At least two Ferrari Daytonas appeared in Herbie Goes to Monte Carlo. One was red with a diagonal yellow stripe on the hood and a number 44 on a yellow circle background. The other was silver with a number 22 on doors and hood. However, in some scenes, this latter car appeared in dark green as well.
Replicas and legal issues
In the 1980s the car gained new notoriety as Detective Sonny Crockett's car in the first two seasons of NBC's hit television series Miami Vice Ironically, the actual car used for filming the show was a modified 1980 Chevrolet Corvette C3. Ferrari, reportedly upset that a replica was getting so much attention, later supplied two new Testarossas for use in the show. However, the stock twelve cylinder Ferrari engines were removed and replaced with eight cylinder Chevrolet engines to decrease maintenance costs.
In the 1980's and early 1990's, several companies began offering replica Daytonas, typically based on a Chevrolet Corvette C3 chassis and drivetrain. They were available in either fully assembled form or as "do it yourself" (DiY) conversion kits. Due to the influence of Miami Vice, the cost of genuine, well-maintained Daytonas increased markedly, making the far less expensive conversions an attractive alternative. Turnkey replicas typically cost about $70,000 while used ones in good condition will sell for up to $40,000, compared to well over $150,000 for genuine Berlinettas and up to $500,000 and more for genuine Spyders.
In response, Ferrari threatened legal action against some manufacturers for trademark rights violations and plagiarism. Ferrari actively monitors the manufacture and sale of these replicas closely; the few remaining makers now widely refrain from marketing their products as replica Ferrari models and downplay the resemblance to the genuine cars, which includes rarely using freely available identifier badges. Recently, ebaymotors.com has made efforts to delete auctions in which Ferrari Daytona replicas were advertised as being just that.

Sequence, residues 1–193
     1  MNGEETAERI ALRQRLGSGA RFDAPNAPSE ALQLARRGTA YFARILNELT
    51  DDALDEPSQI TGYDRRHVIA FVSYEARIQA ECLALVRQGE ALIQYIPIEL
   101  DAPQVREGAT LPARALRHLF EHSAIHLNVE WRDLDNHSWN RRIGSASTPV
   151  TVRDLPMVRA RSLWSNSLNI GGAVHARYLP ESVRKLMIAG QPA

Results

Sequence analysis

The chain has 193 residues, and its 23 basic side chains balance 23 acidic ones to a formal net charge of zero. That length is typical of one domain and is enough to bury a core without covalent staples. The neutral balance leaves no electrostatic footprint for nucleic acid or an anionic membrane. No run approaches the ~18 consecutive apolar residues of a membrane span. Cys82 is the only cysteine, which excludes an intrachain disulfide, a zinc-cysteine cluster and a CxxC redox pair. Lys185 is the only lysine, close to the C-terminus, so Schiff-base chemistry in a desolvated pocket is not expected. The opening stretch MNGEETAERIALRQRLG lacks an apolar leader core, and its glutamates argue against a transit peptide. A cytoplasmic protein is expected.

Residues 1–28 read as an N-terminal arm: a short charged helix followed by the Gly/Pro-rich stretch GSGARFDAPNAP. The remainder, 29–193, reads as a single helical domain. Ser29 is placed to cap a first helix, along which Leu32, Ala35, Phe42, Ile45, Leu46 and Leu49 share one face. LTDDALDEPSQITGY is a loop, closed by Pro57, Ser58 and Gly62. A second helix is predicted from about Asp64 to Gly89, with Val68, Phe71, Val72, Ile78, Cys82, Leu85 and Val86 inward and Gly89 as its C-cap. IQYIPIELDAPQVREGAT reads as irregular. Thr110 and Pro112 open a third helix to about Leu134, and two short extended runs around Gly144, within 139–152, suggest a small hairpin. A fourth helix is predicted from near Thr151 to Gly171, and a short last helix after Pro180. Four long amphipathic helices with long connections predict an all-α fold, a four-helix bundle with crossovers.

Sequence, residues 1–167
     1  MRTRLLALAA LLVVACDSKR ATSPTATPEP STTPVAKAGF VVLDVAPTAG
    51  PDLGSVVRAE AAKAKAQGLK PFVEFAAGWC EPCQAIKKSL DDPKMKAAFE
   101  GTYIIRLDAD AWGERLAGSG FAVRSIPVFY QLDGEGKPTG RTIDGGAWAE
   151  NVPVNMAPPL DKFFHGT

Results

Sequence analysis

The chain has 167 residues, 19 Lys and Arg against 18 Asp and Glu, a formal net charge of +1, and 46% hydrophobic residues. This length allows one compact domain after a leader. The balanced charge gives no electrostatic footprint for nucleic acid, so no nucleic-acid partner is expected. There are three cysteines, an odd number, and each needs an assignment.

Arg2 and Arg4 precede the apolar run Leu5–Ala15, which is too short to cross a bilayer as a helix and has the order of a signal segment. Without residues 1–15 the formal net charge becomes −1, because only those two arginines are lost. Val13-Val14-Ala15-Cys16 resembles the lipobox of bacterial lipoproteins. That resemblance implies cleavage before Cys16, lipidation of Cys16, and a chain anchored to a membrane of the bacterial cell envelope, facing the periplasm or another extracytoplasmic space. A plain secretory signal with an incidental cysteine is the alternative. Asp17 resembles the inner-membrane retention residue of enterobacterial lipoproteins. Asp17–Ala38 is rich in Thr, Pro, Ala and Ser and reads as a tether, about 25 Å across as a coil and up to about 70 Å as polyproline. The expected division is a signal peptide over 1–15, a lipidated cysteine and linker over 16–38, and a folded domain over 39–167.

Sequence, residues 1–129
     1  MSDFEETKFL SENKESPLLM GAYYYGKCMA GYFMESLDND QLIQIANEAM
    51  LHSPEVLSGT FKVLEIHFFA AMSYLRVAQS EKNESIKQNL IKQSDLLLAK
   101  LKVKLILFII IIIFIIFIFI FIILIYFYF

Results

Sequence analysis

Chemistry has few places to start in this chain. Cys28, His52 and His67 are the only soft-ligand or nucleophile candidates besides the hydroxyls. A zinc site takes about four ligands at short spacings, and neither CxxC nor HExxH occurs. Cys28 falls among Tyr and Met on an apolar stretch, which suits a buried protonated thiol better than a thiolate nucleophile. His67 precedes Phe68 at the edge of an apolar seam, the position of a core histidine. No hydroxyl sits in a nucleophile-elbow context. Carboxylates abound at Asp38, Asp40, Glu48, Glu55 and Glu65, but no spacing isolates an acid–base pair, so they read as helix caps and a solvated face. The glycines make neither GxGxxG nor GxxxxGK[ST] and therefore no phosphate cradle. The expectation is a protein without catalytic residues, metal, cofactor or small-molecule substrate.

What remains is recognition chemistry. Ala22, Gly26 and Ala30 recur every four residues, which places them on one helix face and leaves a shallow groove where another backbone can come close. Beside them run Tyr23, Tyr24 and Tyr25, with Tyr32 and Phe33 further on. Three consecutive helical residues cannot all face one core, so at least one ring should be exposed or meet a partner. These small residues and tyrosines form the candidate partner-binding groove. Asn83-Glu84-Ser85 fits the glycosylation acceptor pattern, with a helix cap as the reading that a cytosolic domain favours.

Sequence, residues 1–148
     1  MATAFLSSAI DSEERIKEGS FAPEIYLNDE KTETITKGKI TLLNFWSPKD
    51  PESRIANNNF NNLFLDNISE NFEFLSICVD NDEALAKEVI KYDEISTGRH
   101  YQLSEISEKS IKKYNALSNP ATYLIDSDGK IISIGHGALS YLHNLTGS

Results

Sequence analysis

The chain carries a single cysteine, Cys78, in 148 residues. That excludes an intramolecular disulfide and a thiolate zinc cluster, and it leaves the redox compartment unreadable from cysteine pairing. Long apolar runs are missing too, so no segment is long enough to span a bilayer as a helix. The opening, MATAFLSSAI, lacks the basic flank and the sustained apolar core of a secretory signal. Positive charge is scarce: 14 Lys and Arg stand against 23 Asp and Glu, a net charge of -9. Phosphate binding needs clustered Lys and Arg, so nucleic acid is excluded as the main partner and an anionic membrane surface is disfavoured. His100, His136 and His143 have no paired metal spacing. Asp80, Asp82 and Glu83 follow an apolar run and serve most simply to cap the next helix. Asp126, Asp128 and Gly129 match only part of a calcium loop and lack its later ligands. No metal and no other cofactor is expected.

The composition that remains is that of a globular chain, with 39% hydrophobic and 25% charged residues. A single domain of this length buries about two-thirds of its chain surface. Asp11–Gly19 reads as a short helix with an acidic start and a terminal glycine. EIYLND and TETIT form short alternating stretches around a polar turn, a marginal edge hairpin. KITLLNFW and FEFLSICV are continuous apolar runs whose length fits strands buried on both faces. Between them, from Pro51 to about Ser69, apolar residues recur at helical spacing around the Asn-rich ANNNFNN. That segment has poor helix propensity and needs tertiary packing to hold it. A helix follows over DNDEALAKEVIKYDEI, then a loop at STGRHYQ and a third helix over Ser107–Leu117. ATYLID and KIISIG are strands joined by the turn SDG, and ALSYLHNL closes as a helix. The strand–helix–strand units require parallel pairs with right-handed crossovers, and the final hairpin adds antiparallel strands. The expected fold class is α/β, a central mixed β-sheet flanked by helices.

165 convertible Spider models were produced among the 1,426 Daytonas in total. Five of these were lightweight competition models with aluminium bodywork and 450 bhp DIN (331 kW).
Historically, and especially since the mid-80s and early 90s, there has mostly been a considerable market price difference between a real Berlinetta and a real Spyder. In hope for higher value and prospective sale revenue or even due to the fact that not too many factory spyders were ever built, some Berlinettas were turned into convertibles. They are usually distinguishable from a factory-made GTS by a more slanted windshield.
Although not generally recognized as a true "Daytona", the 1971 365 GTC/4 used the same chassis. Its coupe bodywork by Pininfarina enclosed four seats, making it a successor to the 2+2 330 GTC and 365 GTC. 500 GTC/4s were produced in two years.
The GTC/4 rode on the same wheelbase and suspension as the Daytona, though the engine was down in power a bit to 340 bhp DIN (250 kW), as well as it having a regular gearbox instead of the rear mounted (transaxle) gearbox in the Daytona.
This car was seen in Herbie Goes to Monte Carlo. It was painted a very dark shade of green with a black numeral 70 against an off-white square background.
365 GT4 2+2
In 1972, just a year after the debut of the GTC/4, a new 2+2 debuted in Paris. The 365 GT4 2+2 featured all-new bodywork with just a resemblance to the Daytona. Its angular look would go on to be used by many 1980s Ferraris, especially the Mondial. The wheelbase was 200 mm longer at 2700 mm, but most of the mechanicals, including the engine, were carried over. The GT4 was replaced in 1976 by the new 400 Automatic.